Why US natural gas prices are so low – Are changes needed?

US natural gas prices are at record lows–about where they were in 1976, and at the low points in the 1990s, in today’s dollars (Figure 1).

Figure 1. US wellhead natural gas prices based on EIA data, adjusted to January 2012 price levels using US CPI All Urban Price data.

There are several reasons why US natural gas prices are so low:

  • Our pricing system is based on short-term supply and demand, and storage facilities are limited. It is very easy for supply to overwhelm the system, and prices to drop very low in response, if there is a mismatch.
  • US demand for natural gas has been fairly flat for the last 10 years, regardless of price. Of the four major uses for natural gas ((1)residential heating, hot water, and cooking;  (2)commercial heating, hot water, and cooking; (3) industrial demand; and (4) electricity), only electrical use has been growing.
  • Supply does not drop very quickly, even if prices fall, because producers need to continue to extract natural gas in order to repay loans and to comply with use-it-or-lose-it lease terms.

Besides variability, there are a number of other problems with depending on short-term supply and demand for pricing:

  • Today’s prices appear to be far below the cost of production for some providers, leading to the likelihood of a shakeout.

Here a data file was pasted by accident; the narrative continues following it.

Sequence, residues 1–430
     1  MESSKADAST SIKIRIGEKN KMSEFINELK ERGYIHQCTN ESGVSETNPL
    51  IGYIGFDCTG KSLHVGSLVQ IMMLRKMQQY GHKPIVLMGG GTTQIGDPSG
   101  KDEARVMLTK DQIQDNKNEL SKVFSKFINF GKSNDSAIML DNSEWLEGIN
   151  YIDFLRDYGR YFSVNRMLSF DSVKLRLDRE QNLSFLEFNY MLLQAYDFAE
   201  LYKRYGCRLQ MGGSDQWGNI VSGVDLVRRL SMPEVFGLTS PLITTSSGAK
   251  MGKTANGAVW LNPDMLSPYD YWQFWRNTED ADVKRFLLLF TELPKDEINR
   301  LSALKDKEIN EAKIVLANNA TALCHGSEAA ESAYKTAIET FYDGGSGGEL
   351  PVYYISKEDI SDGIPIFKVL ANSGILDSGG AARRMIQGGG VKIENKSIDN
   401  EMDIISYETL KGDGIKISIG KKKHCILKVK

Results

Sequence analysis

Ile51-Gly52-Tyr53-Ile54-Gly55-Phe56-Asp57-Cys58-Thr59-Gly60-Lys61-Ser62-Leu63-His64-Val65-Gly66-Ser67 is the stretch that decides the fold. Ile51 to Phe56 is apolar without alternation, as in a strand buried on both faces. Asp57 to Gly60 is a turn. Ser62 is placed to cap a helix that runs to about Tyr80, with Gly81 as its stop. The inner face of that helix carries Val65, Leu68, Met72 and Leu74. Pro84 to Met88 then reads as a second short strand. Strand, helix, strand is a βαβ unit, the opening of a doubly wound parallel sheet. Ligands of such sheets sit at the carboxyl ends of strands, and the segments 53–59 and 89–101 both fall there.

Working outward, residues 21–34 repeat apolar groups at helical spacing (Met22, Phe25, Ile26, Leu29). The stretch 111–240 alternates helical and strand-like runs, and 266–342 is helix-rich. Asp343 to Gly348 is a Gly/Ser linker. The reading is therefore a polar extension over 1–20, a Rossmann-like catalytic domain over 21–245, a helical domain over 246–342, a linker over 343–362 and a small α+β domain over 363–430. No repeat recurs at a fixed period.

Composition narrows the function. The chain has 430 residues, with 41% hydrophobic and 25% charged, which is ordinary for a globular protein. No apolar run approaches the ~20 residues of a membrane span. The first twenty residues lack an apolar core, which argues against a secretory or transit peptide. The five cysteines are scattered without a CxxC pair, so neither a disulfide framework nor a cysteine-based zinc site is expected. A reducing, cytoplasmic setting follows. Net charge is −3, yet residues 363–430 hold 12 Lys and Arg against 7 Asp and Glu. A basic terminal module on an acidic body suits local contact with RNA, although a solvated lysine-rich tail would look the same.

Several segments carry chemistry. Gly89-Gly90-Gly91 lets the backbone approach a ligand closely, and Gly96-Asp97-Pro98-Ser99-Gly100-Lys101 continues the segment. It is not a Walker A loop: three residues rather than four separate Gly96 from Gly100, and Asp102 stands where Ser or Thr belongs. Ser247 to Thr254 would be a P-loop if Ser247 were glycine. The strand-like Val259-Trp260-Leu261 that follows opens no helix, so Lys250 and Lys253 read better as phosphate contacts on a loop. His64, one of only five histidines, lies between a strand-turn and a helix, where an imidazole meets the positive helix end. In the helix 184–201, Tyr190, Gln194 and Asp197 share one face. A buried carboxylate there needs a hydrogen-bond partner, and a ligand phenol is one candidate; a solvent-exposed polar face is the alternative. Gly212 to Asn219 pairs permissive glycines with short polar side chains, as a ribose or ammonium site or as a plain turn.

• Unless price levels are higher and more stable, it is not clear that natural gas supply will grow over the next 10 or 20 years, making long-term investment in new uses (for example, vehicular use, gas-to-liquids, and pipelines to underserved areas) questionable.
  • Natural gas prices in the US are much lower than prices elsewhere in the world (Figure 2, below). This means that there is likely to be strong demand for US exports of natural gas, most likely as Liquefied Natural Gas (LNG), competing with internal US uses.

Figure 2. Natural gas prices in the United States, Europe, and Japan, based on World Bank Commodity Price Data (pink sheet)

Ramping up natural gas production is now very much of interest, even if new sources of demand are not available, because

  • Oil prices are high and some believe that natural gas can act as a substitute, and
  • Natural gas seems to produce less CO2 than coal or oil.

It is not clear that the current natural gas pricing approach is up to handling this mismatch between supply and demand.  In many ways, natural gas is a drill-it-as-you-need-it product, and our current market free-for-all does not recognize this.

Perhaps we should be considering a different method of regulating natural gas, since in many ways natural gas is essential. It is needed for balancing wind and solar PV, and for allowing us to continue to continue to heat our homes and businesses with natural gas. In the early days of gas, gas was regulated to produce a reasonable rate of return for providers. Perhaps something closer to this approach needs to be used again today.

If price is regulated, the amount to be drilled would need to be regulated as well, probably on a month-to-month basis. Higher prices would probably be needed under the new system to provide funds for more storage and for maintenance of pipelines, and to assure that US needs could compete with demand for LNG from overseas markets. I am doubtful that such a method of regulation would be feasible or would be politically acceptable, however.

In this post, I will explain these issues further.
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